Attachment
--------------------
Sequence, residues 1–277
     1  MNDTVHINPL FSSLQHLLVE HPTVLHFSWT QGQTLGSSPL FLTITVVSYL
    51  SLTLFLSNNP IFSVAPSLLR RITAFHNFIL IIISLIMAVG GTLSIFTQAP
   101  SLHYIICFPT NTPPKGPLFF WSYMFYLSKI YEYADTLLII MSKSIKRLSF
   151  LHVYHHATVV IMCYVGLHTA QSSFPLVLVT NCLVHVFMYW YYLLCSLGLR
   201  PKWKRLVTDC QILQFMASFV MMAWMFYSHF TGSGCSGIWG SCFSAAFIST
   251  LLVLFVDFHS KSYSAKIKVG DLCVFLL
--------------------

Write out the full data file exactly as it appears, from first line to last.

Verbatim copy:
Sequence, residues 1–277
     1  MNDTVHINPL FSSLQHLLVE HPTVLHFSWT QGQTLGSSPL FLTITVVSYL
    51  SLTLFLSNNP IFSVAPSLLR RITAFHNFIL IIISLIMAVG GTLSIFTQAP
   101  SLHYIICFPT NTPPKGPLFF WSYMFYLSKI YEYADTLLII MSKSIKRLSF
   151  LHVYHHATVV IMCYVGLHTA QSSFPLVLVT NCLVHVFMYW YYLLCSLGLR
   201  PKWKRLVTDC QILQFMASFV MMAWMFYSHF TGSGCSGIWG SCFSAAFIST
   251  LLVLFVDFHS KSYSAKIKVG DLCVFLL